What Should Be the U.S. Role in African Economic Development?
It's been referred to as Dark Africa and The Lost Continent. These are descriptors used to capsulize the world's standoffish viewpoint of African economic development for all too many years. In the 1990s we heard of “Africa fatigue” in response to incidents of rebellion and reported atrocities during wartime. So, what has changed? Why the new-found interest in Africa by China and India? Is it simply to exploit Africa's vast natural resources at a time of great economic development in China and India, two countries with a seemingly unquenchable thirst for oil and mineral resources? Are China and India truly interested in facilitating economic advancement in African nations or is that just the rationalization given for the rapid joint venture and other business arrangements being developed by the Chinese and Indians businesses with African partners?
I have previously blogged about the emerging economic development in Africa and China's role in securing needed resources of the African continent for its own economic expansion. China has long targeted Africa under its "Going Out" strategy launched in 1998. My concerns about China's true motive for its extensive involvement with African countries emanates from the question whether China truly has, as part of its economic outreach in Africa, the desire to help develop the infrastructure essential to accommodate economic advances and enlarge Africa's role as a contributing member of the the global society.
Now, along comes India. It's late to the party but is making up for it with enthusiastic proposals that mirror those of the Chinese. Indian Prime Minister Manmohan Singh ended a six-day Africa trip last week and participated in a summit in Tanzania designed to underscore India's growing stature on the global stage. Of course, India's motivation is not purely an altruistic one. It is part of a broader effort to lobby for a permanent seat on the U.N. Security Council and signal to China that the South Asian giant is also a player on the resource-rich continent. New Delhi said it would extend a $5-billion line of credit, fund 22,000 scholarships, set up a "virtual university" and support infrastructure and training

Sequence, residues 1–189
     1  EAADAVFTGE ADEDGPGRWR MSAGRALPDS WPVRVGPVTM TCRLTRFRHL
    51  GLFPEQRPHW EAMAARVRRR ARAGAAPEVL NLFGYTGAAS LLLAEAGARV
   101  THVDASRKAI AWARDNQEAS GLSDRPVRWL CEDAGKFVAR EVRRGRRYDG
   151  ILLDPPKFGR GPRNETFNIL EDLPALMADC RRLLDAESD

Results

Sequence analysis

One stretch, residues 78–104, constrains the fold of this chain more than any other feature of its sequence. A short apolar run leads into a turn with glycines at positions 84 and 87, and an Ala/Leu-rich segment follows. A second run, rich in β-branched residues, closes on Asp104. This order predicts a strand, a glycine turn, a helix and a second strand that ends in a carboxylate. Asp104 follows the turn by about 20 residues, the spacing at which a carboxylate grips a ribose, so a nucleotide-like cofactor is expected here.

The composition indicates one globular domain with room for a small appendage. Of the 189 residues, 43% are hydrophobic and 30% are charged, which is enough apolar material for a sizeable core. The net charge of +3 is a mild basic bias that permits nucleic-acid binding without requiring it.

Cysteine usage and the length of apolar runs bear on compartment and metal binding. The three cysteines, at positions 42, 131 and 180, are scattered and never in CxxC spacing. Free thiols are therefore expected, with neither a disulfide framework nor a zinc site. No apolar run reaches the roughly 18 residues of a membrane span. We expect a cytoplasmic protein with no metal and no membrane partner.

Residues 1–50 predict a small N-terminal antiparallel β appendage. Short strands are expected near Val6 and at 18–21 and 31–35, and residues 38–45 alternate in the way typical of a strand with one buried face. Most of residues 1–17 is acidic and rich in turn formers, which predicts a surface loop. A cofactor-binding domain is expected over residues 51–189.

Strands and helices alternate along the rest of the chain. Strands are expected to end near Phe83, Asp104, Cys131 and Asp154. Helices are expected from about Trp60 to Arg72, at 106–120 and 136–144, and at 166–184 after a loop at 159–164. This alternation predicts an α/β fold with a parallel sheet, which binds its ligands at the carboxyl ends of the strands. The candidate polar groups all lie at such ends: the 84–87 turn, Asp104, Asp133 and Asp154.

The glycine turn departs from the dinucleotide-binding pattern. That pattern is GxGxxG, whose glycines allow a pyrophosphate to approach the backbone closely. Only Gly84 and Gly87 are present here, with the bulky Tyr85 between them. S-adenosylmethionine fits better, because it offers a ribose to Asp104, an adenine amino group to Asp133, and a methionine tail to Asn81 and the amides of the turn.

Where is the U.S. presence in the economic development of Africa? We've ignored the continent for far too along and, as I have previously blogged, we have a moral imperative in Africa to do what we can to invest in Africa's economic future. This is an opportunity to right past wrongs and the systematic neglect of the interests of the African people. Let's not forget that an estimated 12 million Africans arrived in the Americas from the 16th to the 19th centuries, about 645,000 of whom landed in the U.S.
Establishment attitudes toward Africa have evolved quickly since 2000, when George W. Bush announced in his first presidential campaign that the continent didn't “fit into the national strategic interests” of the United States. However, things changed after the 9-11 attacks with the establishment of a unified Africa Command (AFRICOM) that became fully operational in October 2008, and the Combined Joint Task Force-Horn of Africa, stationed at the U.S. military base in Djibouti since 2002. Both efforts point to a major shift in America’s recognition of Africa’s growing geopolitical significance.
Still, I am concerned that the renewed emphasis on U.S. military and security interest in Africa doesn't address the scale of commercial opportunities or the need for active competition between the U.S., China and India. If the U.S. is to play a role in the continent’s burgeoning growth, there is a need for U.S. policymakers to deepen economic engagement with the region through investments in commercial agriculture, infrastructure, and technology development alongside established strategic alliances.
Blog by Steven Mintz, aka Ethics Sage, June 3, 2011